Top startups news to follow this week:
1. It’s the French Presidency of the Council of the European Union right now. And the French government is taking advantage of this opportunity to make some progress on the tech startup policy front. In an interview with TechCrunch, France’s digital minister Cédric O shared some news for the European tech ecosystem.
During the Portuguese Presidency of the Council of the EU, Portugal announced that it would go one step further and create the European Startup Nations Alliance (ESNA). It’s a new entity that is in charge of the Startup Nations Standard. In addition to compiling best practices, it can provide technical support and monitor progress.
Around the same time, French President Emmanuel Macron launched a different group called Scale-Up Europe. Tech companies, investors and associations signed a manifesto with the goal of reaching 10 tech companies that are worth €100 billion or more by 2030.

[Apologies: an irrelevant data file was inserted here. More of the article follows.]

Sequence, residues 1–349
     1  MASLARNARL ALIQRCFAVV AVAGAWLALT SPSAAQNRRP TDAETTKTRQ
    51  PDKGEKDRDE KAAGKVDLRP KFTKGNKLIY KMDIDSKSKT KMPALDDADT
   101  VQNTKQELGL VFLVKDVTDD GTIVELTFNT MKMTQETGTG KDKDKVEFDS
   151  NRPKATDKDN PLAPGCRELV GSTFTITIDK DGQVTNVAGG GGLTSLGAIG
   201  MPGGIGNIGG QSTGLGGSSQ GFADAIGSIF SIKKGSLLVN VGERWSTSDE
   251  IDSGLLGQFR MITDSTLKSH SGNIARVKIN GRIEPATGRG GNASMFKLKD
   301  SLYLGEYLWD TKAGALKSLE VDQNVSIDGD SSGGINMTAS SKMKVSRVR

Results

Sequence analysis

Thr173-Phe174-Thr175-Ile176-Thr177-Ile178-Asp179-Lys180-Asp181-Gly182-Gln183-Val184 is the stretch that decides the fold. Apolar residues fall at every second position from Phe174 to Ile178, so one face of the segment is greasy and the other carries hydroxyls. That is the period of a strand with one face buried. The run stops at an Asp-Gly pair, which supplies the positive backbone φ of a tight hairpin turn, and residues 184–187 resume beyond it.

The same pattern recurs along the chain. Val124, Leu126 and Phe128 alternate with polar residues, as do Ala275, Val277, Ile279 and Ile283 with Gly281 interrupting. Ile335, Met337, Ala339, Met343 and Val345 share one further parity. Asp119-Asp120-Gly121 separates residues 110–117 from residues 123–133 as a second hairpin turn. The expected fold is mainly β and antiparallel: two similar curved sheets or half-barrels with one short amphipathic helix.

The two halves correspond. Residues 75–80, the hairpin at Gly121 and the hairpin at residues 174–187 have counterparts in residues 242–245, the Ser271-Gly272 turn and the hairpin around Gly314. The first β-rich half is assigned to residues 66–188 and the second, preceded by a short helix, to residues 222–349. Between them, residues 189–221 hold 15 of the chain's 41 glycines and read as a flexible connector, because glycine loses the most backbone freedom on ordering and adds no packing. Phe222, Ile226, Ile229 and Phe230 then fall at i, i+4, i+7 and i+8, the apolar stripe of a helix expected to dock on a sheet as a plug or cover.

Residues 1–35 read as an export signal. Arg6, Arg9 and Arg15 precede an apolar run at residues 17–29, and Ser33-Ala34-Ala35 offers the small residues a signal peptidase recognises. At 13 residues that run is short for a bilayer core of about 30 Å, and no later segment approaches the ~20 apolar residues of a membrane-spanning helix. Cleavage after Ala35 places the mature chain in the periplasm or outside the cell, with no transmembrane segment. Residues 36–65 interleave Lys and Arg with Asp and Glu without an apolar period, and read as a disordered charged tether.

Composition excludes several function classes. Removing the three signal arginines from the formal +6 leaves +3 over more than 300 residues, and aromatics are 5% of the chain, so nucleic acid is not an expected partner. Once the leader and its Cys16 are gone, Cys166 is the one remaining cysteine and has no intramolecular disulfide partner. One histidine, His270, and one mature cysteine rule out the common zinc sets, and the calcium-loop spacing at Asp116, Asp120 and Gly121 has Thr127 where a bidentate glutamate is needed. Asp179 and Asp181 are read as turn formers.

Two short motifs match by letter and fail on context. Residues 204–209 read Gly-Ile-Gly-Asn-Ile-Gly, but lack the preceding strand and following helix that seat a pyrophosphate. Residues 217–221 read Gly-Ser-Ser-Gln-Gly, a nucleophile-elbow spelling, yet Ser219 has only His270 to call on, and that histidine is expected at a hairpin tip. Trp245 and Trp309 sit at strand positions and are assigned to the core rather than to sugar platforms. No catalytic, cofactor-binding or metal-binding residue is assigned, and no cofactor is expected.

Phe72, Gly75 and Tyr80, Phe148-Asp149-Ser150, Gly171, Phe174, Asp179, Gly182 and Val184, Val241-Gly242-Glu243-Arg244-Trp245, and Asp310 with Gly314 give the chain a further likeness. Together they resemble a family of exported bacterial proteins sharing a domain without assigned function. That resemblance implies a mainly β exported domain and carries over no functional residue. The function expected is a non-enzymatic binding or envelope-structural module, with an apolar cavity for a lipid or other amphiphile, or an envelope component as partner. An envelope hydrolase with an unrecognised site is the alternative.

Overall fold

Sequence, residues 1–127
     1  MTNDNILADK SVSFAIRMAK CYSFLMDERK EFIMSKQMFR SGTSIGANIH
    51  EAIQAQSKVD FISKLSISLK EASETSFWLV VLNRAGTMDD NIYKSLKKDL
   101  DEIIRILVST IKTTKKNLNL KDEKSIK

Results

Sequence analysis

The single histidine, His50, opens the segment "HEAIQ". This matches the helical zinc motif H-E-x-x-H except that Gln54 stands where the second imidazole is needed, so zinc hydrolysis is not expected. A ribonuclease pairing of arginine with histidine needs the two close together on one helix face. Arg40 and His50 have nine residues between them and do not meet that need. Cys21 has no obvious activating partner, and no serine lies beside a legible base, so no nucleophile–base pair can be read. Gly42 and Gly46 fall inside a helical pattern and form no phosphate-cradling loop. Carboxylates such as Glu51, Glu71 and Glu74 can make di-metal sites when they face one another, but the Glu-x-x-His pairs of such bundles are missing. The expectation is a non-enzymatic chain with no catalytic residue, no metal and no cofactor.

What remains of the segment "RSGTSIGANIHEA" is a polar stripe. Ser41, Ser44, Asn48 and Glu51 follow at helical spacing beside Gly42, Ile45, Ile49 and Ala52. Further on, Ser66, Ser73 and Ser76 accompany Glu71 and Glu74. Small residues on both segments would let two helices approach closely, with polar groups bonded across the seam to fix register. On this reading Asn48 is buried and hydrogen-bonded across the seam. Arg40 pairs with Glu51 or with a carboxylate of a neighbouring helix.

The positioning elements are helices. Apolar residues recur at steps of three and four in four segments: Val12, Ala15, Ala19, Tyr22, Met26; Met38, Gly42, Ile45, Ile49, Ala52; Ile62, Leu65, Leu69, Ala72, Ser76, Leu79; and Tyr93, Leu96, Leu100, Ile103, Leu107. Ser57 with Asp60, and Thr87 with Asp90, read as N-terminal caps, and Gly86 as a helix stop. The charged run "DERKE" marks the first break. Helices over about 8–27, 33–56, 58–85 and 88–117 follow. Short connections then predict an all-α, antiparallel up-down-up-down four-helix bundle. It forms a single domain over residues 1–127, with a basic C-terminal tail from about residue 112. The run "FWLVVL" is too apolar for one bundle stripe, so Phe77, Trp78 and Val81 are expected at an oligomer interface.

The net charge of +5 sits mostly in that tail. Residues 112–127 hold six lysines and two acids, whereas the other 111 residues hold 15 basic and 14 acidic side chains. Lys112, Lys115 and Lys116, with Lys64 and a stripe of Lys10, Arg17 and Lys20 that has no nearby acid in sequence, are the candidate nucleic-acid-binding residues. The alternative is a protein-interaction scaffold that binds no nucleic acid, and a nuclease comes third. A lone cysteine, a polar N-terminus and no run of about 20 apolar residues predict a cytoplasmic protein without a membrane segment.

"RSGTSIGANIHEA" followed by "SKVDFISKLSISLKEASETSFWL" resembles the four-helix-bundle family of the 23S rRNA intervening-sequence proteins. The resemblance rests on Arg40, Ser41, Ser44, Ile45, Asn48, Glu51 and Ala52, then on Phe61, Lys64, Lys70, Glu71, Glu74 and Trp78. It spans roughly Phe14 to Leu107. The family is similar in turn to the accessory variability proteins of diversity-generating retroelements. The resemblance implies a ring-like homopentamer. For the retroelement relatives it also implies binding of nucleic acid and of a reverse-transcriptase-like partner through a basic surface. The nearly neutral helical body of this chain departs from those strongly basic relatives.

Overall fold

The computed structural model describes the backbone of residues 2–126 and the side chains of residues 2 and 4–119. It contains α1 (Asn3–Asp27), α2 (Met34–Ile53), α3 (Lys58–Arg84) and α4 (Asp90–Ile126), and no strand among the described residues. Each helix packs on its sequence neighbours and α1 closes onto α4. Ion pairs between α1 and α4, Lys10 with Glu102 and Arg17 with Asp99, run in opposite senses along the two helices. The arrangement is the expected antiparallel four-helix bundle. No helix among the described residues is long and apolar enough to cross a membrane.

“In order to structure a strong European ecosystem, financing is key. We still want to attract investments from the whole world. But we also want to enable European venture capital with European funds, European knowledge and European teams,” Cédric O told me.
“Our goal is to create 10 to 20 funds with more than €1 billion. As a reminder, today, there are two funds with more than €1 billion in Europe compared to 40 funds in the U.S. These funds are Eurazeo and EQT — a French fund and a Swedish fund.”
This new funds of funds will invest as a limited partner in large late-stage European funds. With this new mechanism, fund managers should be able to raise a new fund more easily. For instance, if the EIF says they’re willing to invest €100 million or €200 million in a fund, it should attract more institutional investors in this new fund.
Some national investment banks, such as Bpifrance, have also been backing funds in their own countries. In France, private insurance companies and public investors are also participating in the late-stage funds following the Tibi initiative.